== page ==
On the contrary, new understandings of performance measures, financial and non-financial, are toughening the targets. Traditional bottom-line measures simply tell too little about past performance - and nothing whatever about the future. Many managers already have their bonus payments linked to a shopping basket of factors, which include items like customer satisfaction, and can be more narrowly and effectively specific than that. Without question, some of these baskets will include appraisal from below as well as above.

That's perfectly logical. Ricardo Semler, the maverick boss of a small but revolutionary Brazilian engineering firm, Semco, has it right. Semco managers who are rated below 70% are in danger of dismissal because they can't achieve the necessary outcomes. They can't fulfil the new role foreseen by Jack Welch, the much-admired CEO at General Electric in the US. According to him, 'We've got to take out the boss element'. The 21st century commercial wars are going to be won 'on our ideas, not by whips and chains'. The ideas will flow through managers who no longer plan, organise, implement and measure, but instead advise groups, ensure that they have the necessary resources, and encourage effective, thinking self-management. It's no dream. Honeywell (UK) is only one of several companies where self-managed manufacturing cells have taken full responsibility for product lines under a completely changed style of supervision.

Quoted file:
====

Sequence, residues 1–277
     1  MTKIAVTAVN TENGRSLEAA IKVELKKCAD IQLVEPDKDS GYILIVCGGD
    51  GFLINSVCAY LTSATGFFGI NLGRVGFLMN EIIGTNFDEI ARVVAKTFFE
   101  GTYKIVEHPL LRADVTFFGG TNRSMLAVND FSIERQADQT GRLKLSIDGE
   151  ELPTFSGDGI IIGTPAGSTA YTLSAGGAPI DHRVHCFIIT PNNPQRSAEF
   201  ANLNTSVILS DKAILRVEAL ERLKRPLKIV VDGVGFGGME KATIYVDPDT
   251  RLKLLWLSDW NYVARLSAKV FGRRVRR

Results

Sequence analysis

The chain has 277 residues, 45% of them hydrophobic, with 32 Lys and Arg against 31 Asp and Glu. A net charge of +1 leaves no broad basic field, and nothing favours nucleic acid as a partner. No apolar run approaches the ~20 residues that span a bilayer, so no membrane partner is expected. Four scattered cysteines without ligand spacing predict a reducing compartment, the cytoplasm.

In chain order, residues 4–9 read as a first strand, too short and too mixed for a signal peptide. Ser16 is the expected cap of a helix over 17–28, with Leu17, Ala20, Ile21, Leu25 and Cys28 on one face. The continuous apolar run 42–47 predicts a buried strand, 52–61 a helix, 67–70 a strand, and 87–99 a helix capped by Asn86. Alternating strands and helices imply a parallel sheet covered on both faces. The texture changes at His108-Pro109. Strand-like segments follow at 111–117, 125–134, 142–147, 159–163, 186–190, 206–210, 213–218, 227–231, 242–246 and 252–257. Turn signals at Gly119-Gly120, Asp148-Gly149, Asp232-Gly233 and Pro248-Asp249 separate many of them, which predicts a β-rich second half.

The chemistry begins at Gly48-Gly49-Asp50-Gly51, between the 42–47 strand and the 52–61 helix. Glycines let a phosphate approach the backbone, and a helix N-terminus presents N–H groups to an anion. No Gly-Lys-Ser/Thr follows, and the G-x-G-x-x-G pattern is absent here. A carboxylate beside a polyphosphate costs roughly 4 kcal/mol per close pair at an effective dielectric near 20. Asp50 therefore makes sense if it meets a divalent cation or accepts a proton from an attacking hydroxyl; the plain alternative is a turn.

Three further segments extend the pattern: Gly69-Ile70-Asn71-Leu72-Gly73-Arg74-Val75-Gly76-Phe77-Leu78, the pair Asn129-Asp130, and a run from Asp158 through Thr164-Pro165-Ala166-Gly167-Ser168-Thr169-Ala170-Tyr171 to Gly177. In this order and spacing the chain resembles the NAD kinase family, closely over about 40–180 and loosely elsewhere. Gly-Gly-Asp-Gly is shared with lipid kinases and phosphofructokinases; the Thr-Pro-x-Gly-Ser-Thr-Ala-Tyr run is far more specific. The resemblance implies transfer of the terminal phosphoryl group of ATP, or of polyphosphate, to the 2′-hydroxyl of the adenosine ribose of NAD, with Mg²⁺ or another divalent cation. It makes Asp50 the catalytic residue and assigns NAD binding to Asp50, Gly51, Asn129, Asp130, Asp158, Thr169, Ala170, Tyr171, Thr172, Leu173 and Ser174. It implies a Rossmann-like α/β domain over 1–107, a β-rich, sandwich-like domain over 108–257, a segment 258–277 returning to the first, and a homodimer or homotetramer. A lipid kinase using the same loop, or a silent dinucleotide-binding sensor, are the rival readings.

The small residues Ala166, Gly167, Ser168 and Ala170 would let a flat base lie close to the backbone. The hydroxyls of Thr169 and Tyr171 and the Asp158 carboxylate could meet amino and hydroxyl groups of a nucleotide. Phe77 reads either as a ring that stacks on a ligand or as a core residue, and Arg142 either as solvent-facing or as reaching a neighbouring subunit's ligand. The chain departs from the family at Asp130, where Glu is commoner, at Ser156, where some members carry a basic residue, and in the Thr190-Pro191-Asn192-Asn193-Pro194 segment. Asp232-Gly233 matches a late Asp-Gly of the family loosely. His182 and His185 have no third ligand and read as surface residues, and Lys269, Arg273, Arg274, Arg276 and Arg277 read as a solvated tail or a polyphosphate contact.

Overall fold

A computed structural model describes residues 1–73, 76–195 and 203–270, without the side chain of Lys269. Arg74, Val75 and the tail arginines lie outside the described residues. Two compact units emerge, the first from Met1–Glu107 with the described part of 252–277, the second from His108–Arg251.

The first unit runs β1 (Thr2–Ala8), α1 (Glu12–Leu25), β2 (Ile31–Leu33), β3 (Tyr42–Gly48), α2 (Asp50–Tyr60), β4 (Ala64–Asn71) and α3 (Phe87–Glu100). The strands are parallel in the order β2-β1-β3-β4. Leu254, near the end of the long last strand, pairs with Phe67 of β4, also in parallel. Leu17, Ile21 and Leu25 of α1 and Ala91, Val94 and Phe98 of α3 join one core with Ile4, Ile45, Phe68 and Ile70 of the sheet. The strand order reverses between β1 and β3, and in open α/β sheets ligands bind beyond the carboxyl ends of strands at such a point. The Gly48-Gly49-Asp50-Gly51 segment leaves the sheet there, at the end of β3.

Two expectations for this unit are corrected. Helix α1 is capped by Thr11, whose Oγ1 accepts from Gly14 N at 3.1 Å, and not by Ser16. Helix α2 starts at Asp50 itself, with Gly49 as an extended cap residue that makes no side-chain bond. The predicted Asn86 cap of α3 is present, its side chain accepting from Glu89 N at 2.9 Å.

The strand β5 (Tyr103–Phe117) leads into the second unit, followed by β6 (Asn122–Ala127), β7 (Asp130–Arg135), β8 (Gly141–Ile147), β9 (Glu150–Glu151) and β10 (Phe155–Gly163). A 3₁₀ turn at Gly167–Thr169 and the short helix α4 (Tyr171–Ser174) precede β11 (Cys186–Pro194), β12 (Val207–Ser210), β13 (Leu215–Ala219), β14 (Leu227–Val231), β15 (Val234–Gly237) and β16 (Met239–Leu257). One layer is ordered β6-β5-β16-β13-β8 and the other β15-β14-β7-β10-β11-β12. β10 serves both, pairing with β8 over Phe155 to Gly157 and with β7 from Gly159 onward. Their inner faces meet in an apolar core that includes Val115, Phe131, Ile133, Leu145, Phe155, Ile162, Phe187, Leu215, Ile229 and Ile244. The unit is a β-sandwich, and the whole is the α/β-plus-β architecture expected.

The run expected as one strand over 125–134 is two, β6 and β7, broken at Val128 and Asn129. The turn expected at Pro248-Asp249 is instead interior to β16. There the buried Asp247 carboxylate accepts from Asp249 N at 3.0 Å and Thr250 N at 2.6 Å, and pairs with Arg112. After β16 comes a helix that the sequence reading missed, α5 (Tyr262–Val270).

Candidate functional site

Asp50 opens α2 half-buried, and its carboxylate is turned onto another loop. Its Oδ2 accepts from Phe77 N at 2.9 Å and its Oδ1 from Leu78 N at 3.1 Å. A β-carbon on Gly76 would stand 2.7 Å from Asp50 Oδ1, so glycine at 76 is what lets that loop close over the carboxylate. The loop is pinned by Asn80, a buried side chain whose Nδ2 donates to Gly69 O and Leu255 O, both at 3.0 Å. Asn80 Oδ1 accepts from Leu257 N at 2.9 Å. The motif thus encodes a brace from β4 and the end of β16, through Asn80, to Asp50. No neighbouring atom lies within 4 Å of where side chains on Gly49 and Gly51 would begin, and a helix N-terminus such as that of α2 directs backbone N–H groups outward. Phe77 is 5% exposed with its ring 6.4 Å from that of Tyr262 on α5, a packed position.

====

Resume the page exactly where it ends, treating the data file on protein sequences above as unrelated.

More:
This company is an affiliate of a US multinational: its initiatives are its own. Its best managers, though, are winning top responsibilities in the US - where Europeans or managers with high-level European experience now occupy the top positions in a considerable assortment of companies, from General Motors to Compaq, from Apple to Salomon. Global markets mean global managers. Already, management teams are likely to include several nationalities, people to whom the boundaries between nations mean no more than those between departments.

The boundaries between firms will also have much less meaning - not only because of the change in supplier relationships from adversary to ally, but because of the fast-growing number of strategic alliances. In an age when no company is an island, no manager can be insular. The key to the more open organisation must be the more open manager, because new processes demand new know-how.

The portrait of Manager 2000 is thus clear and complete. What's more obscure is how companies close the gap familiar to strategists: between where they are now and where they want to/have to be. A good start would be to involve all managers in contributing towards forming the strategies they will have to implement: not least because that would force companies to develop and communicate sound strategies in the first place.

Only a few managers are currently leading the movement. But most of the others will be swept along by the tide, in any event. Those who resist will be swept aside, along with their organisations. That's a doubly sad outcome, because the changes under way bring a new vibrancy to the age-old task of mobilising collective human powers. That task has never offered more alternatives, more excitement, or more potential for brilliant success - for the organisation and, above all, for the individual, liberated, invigorated manager.